My kids are normal kids and I’m a normal mum. Although I do my best to feed them well and we have lot of wheat and dairy free tendencies in our household and try to do as much organic as we have access to here in Mount Gambier, I am not unrealistic about my offerings and abilities as a parent.
I know all the theory and definitely apply the knowledge I have to my ill patients. I do try myself not to be too much of a food nazi in my home as I do not want my children to grow up with any stigma about food.
I remember a story one of my lecturers told me at college – both his parents were naturopaths and he was never allowed to have ice cream like other kids. To this day (he was in his 40’s when he told us this story) he still has no self control when it comes to vanilla ice cream and chocolate topping. He shared how he makes himself sick with it having no self control and eats until he either vomits or gets diarrhoea! I don’t want this for children.
I don’t want my kids to be the only ones in the class who can’t have a lunch order or who don’t have lunch box treats. I do however do my best to control what they have at home to be organic and best quality as I have control over this part of their diet.
We love to cycle but sadly do not do enough of this as we like. I find getting time to ‘exercise’ as such a challenge although I am trying to commit more to this in the last few months. I attend a walk around our beautiful Blue Lake and attend body balance classes several times a week. I also try to do yoga a few times a week with my girls as Anika in particularly LOVES to do this.
We take our children to playgrounds and parks several times a week which is how we incorporate ‘exercise’ into their lifestyles. My husband Adam and I are passionate outdoors people and dream of the day that we can take the girls hiking and bush walking. We LOVE to do this but unfortunately Alyce who is only 4 doesn’t have the stamina for this type of activity yet.
The bottom line is that we all do what we can with the time and the circumstances that we have to deal with every day. We all know we need to eat healthy and to incorporate exercise and a healthy lifestyle into our families timetable. This can be really challenging and I feel there is a lot of unrealistic pressure on parents to do ‘everything!’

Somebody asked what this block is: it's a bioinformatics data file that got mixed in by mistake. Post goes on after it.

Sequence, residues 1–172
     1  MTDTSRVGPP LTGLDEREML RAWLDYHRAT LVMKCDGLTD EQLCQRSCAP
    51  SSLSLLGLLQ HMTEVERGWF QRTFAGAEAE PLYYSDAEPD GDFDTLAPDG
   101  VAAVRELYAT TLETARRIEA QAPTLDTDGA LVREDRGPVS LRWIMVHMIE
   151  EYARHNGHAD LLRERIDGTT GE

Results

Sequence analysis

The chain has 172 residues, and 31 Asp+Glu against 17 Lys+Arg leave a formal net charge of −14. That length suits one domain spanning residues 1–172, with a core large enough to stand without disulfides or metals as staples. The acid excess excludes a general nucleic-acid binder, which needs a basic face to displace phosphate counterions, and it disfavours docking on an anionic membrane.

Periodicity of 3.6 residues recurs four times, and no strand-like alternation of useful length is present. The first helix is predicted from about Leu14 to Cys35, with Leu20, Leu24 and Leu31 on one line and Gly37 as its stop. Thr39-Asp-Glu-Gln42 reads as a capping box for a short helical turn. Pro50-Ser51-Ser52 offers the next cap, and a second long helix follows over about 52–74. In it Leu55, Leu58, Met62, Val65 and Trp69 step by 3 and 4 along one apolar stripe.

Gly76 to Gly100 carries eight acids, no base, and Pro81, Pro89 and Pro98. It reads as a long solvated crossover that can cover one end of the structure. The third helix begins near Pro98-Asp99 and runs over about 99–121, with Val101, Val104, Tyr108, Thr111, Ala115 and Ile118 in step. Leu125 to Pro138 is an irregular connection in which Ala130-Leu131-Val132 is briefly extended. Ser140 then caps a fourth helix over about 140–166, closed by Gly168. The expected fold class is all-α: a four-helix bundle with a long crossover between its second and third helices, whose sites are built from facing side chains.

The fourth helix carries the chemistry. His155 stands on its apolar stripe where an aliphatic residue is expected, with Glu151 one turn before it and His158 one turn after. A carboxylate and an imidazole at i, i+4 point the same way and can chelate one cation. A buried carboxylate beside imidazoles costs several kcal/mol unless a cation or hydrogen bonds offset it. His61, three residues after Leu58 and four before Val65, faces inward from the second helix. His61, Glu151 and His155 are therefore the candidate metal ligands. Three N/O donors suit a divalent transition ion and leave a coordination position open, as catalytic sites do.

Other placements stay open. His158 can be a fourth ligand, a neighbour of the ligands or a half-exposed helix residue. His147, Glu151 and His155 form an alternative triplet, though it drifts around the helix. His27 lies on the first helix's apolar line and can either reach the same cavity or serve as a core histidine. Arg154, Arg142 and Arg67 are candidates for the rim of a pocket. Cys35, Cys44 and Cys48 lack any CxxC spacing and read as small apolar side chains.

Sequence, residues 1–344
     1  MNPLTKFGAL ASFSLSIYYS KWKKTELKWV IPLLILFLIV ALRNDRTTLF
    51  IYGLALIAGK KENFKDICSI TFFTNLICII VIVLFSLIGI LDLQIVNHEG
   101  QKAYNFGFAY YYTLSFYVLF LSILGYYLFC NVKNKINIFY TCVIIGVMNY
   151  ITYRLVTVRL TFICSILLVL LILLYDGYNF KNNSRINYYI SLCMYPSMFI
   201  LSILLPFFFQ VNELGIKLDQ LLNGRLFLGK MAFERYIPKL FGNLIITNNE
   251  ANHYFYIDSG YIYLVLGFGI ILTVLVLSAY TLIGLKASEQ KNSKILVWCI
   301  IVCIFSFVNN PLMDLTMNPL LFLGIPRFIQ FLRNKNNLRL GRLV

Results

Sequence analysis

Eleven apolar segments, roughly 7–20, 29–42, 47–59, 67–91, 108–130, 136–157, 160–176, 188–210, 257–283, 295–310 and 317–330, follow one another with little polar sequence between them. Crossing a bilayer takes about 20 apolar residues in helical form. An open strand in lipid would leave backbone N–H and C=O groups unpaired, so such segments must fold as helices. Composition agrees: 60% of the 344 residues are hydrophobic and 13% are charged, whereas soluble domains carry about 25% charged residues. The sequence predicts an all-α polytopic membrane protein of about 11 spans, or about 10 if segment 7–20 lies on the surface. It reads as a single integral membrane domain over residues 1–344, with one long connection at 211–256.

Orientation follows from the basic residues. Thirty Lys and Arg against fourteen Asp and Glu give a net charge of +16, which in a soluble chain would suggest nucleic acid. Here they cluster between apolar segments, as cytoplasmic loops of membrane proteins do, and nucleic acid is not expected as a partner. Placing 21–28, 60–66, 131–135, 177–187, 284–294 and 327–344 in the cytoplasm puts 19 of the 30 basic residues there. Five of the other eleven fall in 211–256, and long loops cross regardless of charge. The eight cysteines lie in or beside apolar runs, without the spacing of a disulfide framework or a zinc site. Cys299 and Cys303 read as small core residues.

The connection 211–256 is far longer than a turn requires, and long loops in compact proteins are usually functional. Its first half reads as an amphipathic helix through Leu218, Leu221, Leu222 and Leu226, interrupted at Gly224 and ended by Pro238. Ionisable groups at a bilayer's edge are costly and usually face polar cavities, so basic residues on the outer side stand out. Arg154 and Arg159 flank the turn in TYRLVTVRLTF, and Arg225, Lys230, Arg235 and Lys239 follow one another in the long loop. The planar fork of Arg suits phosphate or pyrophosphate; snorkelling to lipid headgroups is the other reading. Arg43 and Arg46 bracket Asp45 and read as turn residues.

By the time mums and dad hold down jobs, keep the fridge and pantry stocked and keep their kids happy with school and after school activities there is not a lot of time yet. We have made the commitment to each other lately that we are having more technology free time and work free weekends as much as we can. This has been great for our family and I have even gone so far as to try and have one day in the weekend in my pjs just playing lego and reading stories to my girls and even trying to get a nap when I can on a Saturday afternoon.
Why am I trying to do this, because I am aware of the pandemic here in Australia of adrenal fatigue. Adrenal fatigue is the new classification for exhaustion and impaired immunity and digestive function. I see this every day in my clinic in almost ALL of my cases and I think that it comes down to one this. WE are all trying to do TOO much! Too much for others and not enough for ourselves and maybe even trying to meet targets that are unrealistic to begin with. There is so much pressure on parents to be ‘perfect’ and to have the perfect balanced lifestyle. When you find it can you let me know!!
There is no such thing as perfect, instead there is just great intentions and effort that follows.
My tips for preventing adrenal fatigue and supporting immunity come down to:
1. Try to do the best you can and being realistic about your outcomes.
Don’t set yourself up for failure with unrealistic expectations. Be realistic about what you can and can’t do.
2. Keep moving but don’t stress about it too much.
It doesn’t have to be a gym membership and every sports activity under the sun for your kids. It can be easy and enjoyable like a picnic in the park with a soccer ball or a walk to get a few croissants for breakfast on a Sunday morning.
3. Relax and take the pressure off!
Work with bringing balanced meals into your home and a variety of nutrients. Try to avoid the same meals every week as this is only giving your children a selected group of nutrients. Mix it up a bit.
4. Focus on getting one thing right at a time.
For example – focus on food for a month and then focus on exercise. This makes the process of change less overwhelming. Also small changes made gradually stick, rather than all or nothing extreme changes!
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